Fighting Cancer on a Molecular Level
Kent State is becoming a leading authority on a genetic structure that plays a critical role in the growth and replication of cancer cells—the G-quadruplex.
In molecular biology, nucleotides are organic molecules that form the basic structural unit of nucleic acids such as DNA. The G-quadruplex is a secondary structure formed in DNA nucleotides with high amounts of guanine, one of the four constituent bases of nucleic acids. Such nucleotides are found at the ends of DNA strands in human chromosomes. Also found at the end of every double-helix DNA strand is a single-strand tail called a telomere, formed by thousands of nucleotides in a repeating sequence—GGGTTA.
Every time a normal human cell divides, some nucleotides are lost and the tail shortens. If it reaches a critical length, the cell stops replicating (senesence) or dies (apoptosis). Cancer cells, however, can replicate quickly without dying because of a protein called telomerase. This protein lengthens telomeres as cells divide, preventing cell death.
In cancer cells, G-quadruplexes are known to block telomerase production, which can make cancer cells obey the normal laws of cell life and death. Certain proteins in the body, however, can cause G-quadruplexes to break down.
Two KSU researchers are exploring how to stabilize G-quadruplexes, and they each have won federal funding awards this year for their studies in relation to cancer treatment:
Testing New Compounds
Recently, the National Institutes of Health (NIH) awarded a four-year, $344,500 grant to Hanbin Mao, PhD, professor of chemistry and biochemistry in Kent State’s College of Arts and Sciences, for his project, “Specific Recognition of G-quadruplexes.”
“We want to look at what we can use to stabilize the G-quadruplex,” says Mao, who combines analytical chemistry and single-molecule biophysics in a new interdisciplinary field called mechano-analytical chemistry. “We’ve designed experiments to evaluate the small molecules that can bond to this G-quadruplex and interfere, hopefully, to stop the growth of cancer.”
Among myriad approaches researchers are taking in the fight against cancer, telomerase targeting has been effective in killing cancer cells, and several drugs based on this model are being tested in clinical trials. So far, however, these approaches only yield a fatal shortening of telomeres in cancer cells after an extensive lag unsuitable for therapeutic applications.
Mao seeks to solve this problem by testing new compounds that inhibit transcription of the enzyme that supports telomere extension, known as human telomerase reverse transcriptase (hTERT), through specific binding of G-quadruplexes (GQs) formed in the hTERT promoter.
His recent findings show that inhibition of hTERT transcription kills cancer cells within days by interfering with the fundamental telomerase activities that, among other functions, avoid apoptosis. “Our objective is to reduce production of this enzyme by stabilizing the G-quadruplexes that form in the hTERT promoter region.”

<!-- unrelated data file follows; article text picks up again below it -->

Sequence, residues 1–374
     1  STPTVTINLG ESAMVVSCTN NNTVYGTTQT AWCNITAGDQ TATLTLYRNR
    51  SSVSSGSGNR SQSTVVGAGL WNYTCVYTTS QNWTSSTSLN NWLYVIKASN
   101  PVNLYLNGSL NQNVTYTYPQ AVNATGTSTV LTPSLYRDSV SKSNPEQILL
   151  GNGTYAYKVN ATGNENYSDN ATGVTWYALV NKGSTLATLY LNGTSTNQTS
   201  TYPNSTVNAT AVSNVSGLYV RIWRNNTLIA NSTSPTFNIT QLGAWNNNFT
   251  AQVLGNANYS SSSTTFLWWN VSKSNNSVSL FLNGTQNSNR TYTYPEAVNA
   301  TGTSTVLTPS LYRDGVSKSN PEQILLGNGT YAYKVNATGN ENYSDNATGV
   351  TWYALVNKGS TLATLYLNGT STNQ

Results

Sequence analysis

G-quadruplexes are known to block telomere extension, which can make cancer cells obey the normal laws of cell life and death.
Studying Individual Molecules
Earlier this year, the National Institutes of Health awarded Hamza Balci, PhD, a molecular biophysicist and associate professor of physics in Kent State’s College of Arts and Sciences, a three-year $437,600 grant for his project, “Influence of Small Molecules on G-quadruplex Stability, Folding Kinetics, and Interactions with Proteins.”
Balci’s focus lies with the G-quadruplexes that form on regulatory cells. These cells determine whether or not a specific protein will be expressed, and how much of it to make. The stability of G-quadruplexes allows them to act as roadblocks, and they most often prevent protein expression, including that of telomerase in cancer cells. However, as noted previously, certain proteins in the body can cause G-quadruplexes to break down.
“Being able to see individual molecules and watch in real time how they work, gives us a lot of information on what type of mechanism the protein uses to destruct the G-quadruplexes,” Balci says.
“We put these molecules on a surface, and we image them with single molecule fluorescence microscopy, so we can see individual molecules and their behavior. You get a more detailed, accurate picture. We take those molecules and conduct measurements with other small molecules, and study the stability against the protein that these small molecules induce in the quadruplexes.”
Balci says pharmaceutically administering molecules that stabilize G-quadruplexes in cancer cells could prevent them from lengthening their telomeres, thereby inhibiting cancer cells from multiplying.